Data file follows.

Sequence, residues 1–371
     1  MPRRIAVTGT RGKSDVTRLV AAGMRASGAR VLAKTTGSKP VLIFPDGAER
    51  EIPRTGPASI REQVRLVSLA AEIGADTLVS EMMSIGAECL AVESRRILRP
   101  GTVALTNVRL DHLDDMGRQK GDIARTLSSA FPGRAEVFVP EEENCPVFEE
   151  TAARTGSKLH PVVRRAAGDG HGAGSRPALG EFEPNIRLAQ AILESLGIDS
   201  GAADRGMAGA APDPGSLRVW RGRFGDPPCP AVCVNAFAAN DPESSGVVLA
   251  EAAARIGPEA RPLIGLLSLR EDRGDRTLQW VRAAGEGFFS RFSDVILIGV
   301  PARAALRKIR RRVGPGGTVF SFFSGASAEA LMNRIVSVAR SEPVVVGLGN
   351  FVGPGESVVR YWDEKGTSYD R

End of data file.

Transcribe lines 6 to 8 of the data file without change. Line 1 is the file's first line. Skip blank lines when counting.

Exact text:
   201  GAADRGMAGA APDPGSLRVW RGRFGDPPCP AVCVNAFAAN DPESSGVVLA
   251  EAAARIGPEA RPLIGLLSLR EDRGDRTLQW VRAAGEGFFS RFSDVILIGV
   301  PARAALRKIR RRVGPGGTVF SFFSGASAEA LMNRIVSVAR SEPVVVGLGN